Advice from Those Who've Made It

Everybody’s got that one friend who keeps the group apprised of all things cool and culturally relevant. My close friend, Theresa, is that person for me. Theresa was the first person I knew to have an IPhone, she knows the best restaurants in Chicago that don’t make it into Chicago Magazine and the best little bars that don’t make it onto Yelp, and she’s single-handedly, through a strict regime of mixed CDs and emailed YouTube links, saved me from my propensity to listen to synthesized pop music aimed at 13 year old audiences. She’s always sending me links to interesting news articles and introducing me to cool new websites and blogs, and today she sent me a link to a wonderful writer’s blog that I’ve been obsessing over all day. is a great place to browse when you’re feeling dejected and broke by your life as a writer and you need some inspiration. It consists of interviews with successful writers like Jennifer Egan and Gary Schteyngart who talk about what their lives were like before their success—the jobs where they eked out livings and snuck in writing when the boss’s back was turned, the put-downs they got in their workshops, the drafts they threw away, the rejections they endured, the doubts they felt, the fears of failure, the constant self-doubt.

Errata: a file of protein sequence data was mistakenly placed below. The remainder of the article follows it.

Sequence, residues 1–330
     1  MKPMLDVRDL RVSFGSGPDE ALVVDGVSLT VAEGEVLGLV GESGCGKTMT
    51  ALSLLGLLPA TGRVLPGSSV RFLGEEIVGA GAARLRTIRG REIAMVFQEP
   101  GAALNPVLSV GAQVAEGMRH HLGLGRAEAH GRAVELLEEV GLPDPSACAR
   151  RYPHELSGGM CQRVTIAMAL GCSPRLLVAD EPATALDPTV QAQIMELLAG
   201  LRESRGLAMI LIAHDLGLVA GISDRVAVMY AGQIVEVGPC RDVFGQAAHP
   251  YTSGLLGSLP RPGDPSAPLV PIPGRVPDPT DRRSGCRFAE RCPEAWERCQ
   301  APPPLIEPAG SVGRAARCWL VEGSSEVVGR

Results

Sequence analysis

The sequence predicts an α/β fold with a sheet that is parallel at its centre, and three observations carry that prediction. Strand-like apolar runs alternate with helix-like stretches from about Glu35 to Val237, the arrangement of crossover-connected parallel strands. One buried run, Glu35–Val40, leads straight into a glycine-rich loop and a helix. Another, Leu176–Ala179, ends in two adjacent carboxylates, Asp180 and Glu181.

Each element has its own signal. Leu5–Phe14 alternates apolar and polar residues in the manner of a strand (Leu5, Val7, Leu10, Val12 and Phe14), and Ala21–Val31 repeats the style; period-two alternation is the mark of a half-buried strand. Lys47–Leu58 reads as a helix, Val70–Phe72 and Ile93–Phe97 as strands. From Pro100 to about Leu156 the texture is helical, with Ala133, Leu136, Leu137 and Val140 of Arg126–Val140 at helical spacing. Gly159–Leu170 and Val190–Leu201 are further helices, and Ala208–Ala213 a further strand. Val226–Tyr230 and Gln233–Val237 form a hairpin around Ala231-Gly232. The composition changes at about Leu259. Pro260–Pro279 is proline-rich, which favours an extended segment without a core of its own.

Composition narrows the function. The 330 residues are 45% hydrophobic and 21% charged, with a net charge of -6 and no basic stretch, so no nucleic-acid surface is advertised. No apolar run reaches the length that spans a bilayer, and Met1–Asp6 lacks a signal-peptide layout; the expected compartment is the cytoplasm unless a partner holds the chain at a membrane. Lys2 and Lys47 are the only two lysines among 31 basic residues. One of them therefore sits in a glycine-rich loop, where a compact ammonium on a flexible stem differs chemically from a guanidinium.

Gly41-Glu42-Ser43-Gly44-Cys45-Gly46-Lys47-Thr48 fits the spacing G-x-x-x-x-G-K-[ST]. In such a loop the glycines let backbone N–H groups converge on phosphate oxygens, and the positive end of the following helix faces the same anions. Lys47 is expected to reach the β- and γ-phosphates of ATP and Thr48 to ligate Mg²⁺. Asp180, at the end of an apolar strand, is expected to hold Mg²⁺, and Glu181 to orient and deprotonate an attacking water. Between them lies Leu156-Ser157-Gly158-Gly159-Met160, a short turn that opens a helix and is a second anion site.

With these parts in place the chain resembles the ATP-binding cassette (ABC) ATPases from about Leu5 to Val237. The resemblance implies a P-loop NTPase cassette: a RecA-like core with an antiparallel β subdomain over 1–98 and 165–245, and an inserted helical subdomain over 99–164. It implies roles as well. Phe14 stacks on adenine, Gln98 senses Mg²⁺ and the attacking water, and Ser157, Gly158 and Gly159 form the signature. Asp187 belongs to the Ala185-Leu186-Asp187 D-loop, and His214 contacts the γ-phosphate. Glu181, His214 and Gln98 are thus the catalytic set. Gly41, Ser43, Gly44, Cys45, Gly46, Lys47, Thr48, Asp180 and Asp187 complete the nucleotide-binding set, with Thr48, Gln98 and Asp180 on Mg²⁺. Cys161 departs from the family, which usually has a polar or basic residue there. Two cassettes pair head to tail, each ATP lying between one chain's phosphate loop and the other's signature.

It all felt very familiar.

Reading these interviews reminded me that if you’re not knotting yourself up with doubt and fear, you’re not working hard enough, you’re not humble enough, and you don’t care enough to put in the work it takes to make it. Any success you have as a writer, no matter how small, is hard won.

And for those of us who are still polishing the drafts of our first books, all that means is that the best is yet to come. Schteyngart says: “Before you publish your first book, there is a sense that you are living an adventure. Something great can happen, something terrible can happen, and nothing can happen, which is the worst of all. But it is exciting.”

And on a totally unrelated note: GO BULLS. GO HAWKS.

You might also like:

  • No Related Posts

2 thoughts on “Advice from Those Who've Made It

  1. Derek J

    It is very comforting to hear about other contemporary writer’s struggles. Egan was in Time’s top 100 people this past week along with several other writers who earned it the hard way. For my part, I find that when my writing makes me feel the most afraid to share it, that it is the best I’ve got. Conversely, when I am totlaly comfortable and confident, the writing does not get much reaction from the audience. Writing, I am finding, is like boxing; everything is backwards. You turn your ankles left to punch right.


This site uses Akismet to reduce spam. Learn how your comment data is processed.